A California panel asked the publisher McGraw-Hill to avoid the use of the word “massacre” when describing 19th-century Native American attacks on white people. A Texas panel asked Pearson to point out the number of clergy who signed the Declaration of Independence, and to state that the nation’s founders were inspired by the Protestant Great Awakening.

All the members of the California panel were educators selected by the State Board of Education, whose members were appointed by former Gov. Jerry Brown, a Democrat.

The Texas panel, appointed by the Republican-dominated State Board of Education, was made up of educators, parents, business representatives and a Christian pastor and politician.

McGraw-Hill, the publisher whose annotated Bill of Rights appears differently in the two states, said it had created the additional wording on the Second Amendment and gun control for the California textbook. A national version of the pages is similar to the Texas edition, which does not call attention to gun rights, the company said in a written statement.

Pearson, the publisher whose Texas textbook raises questions about the quality of Harlem Renaissance literature, said such language “adds more depth and nuance.”

Critical language about nonwhite cultural movements also appears in a Texas book from McGraw-Hill. It is partly a result of debates, in 2010, between conservative and liberal members of the Texas Board of Education over whether state standards should mention cultural movements like hip-hop and country music. Their compromise was to ask teachers and textbook publishers to address “both the positive and negative impacts” of artistic movements.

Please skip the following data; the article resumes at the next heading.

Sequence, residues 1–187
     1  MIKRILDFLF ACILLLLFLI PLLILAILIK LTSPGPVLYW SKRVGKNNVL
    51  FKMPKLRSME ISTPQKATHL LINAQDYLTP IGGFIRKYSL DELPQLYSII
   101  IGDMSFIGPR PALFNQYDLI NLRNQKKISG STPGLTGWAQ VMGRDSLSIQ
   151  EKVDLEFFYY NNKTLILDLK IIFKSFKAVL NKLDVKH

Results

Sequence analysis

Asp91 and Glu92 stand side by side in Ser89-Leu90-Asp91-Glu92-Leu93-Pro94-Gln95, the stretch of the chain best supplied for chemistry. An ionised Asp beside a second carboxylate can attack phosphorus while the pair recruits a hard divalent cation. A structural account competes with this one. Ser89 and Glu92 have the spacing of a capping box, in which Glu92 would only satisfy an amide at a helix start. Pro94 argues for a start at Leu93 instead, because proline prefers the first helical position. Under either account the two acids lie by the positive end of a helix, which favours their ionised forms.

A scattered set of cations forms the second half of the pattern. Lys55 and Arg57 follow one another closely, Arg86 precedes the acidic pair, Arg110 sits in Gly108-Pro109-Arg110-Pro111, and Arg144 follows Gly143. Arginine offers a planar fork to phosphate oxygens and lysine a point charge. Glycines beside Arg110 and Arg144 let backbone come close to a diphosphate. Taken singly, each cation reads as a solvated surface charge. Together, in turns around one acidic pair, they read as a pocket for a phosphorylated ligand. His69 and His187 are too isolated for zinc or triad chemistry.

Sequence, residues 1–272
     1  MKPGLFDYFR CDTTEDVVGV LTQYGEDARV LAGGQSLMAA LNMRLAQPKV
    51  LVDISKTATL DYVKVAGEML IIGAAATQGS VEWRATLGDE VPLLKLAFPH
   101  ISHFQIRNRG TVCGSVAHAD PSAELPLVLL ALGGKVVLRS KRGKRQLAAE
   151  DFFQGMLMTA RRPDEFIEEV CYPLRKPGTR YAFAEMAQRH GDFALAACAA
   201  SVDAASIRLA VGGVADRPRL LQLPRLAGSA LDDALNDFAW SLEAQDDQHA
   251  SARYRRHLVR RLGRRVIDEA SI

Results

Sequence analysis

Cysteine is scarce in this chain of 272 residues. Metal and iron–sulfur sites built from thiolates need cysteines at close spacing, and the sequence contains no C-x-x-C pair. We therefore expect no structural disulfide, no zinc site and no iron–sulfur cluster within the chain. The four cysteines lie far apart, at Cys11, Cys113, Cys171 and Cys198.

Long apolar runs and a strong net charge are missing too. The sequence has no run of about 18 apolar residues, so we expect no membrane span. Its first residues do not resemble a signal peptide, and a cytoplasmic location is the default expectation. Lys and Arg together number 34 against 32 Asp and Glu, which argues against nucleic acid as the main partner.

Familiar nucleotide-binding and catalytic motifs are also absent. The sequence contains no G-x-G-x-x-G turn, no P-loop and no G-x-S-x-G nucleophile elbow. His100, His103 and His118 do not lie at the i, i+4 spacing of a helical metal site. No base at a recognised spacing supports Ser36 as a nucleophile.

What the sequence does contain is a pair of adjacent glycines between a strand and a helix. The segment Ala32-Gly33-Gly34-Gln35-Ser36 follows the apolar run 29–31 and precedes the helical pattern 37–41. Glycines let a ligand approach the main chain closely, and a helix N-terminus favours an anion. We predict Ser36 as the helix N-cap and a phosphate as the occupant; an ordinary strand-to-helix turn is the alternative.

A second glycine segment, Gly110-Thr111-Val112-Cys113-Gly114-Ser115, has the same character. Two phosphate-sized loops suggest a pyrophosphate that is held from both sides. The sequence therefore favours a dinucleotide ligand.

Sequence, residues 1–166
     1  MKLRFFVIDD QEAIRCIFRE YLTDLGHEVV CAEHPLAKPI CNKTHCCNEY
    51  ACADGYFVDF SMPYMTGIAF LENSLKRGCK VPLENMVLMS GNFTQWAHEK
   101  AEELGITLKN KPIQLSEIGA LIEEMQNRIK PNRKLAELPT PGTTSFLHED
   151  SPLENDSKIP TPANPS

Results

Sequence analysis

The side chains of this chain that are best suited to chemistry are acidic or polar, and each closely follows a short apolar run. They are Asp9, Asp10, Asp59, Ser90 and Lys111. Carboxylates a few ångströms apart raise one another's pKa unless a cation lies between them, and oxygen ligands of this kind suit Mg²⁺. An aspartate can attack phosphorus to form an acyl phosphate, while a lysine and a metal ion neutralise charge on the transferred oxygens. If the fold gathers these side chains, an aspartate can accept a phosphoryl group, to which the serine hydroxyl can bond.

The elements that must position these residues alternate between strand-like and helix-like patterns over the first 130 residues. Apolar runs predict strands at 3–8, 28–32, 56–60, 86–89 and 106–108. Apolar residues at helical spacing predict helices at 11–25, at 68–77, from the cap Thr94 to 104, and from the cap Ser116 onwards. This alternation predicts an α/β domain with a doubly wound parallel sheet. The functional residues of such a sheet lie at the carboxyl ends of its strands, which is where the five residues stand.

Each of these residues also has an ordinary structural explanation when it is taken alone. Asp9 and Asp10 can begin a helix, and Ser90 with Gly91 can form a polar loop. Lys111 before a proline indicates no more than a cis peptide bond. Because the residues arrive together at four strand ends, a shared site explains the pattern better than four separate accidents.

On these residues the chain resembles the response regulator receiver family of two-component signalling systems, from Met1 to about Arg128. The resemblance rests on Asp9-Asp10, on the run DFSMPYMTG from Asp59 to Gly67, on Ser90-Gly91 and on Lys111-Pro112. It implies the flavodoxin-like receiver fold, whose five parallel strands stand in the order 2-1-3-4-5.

Texas struck that requirement in 2018, but its most recent textbooks, published in 2016, will reflect it for years to come.

Publishers are eager to please state policymakers of both parties, during a challenging time for the business. Schools are transitioning to digital materials.

And with the ease of internet research, many teachers say they prefer to curate their own primary-source materials online.


K12 EDUCATION in Kentucky gets a C-

This map is never included in a Social Studies Textbook

K12PlayGround.com Resources show

Texas K12 Education in C-

California K12 Education ranked C

The Council of Chief State School Officers (CCSSO) is a nonpartisan, nationwide, nonprofit organization of public officials who head departments of elementary and secondary education in the states, the District of Columbia, the Department of Defense Education Activity, the Bureau of Indian Education and the five U.S. extra-state jurisdictions.

State Social Studies and History Standards

Whitefield Academy Religious Education Stinks in Kentucky


K12 Evangelical school expels a little girl because she wore a colorful Tshirt!

Kentucky teenager takes picture wearing rainbow shirt; school expels her for ‘lifestyle violations’

Head of school, Dr. Bruce Jacobson (502) 239-2509 • admissions@whitefield.org
Whitefield Academy is a Preschool-12 private evangelistic model of Christian education in Louisville, KY.

Evaluate / Compare Whitefield Academy to other schools in the area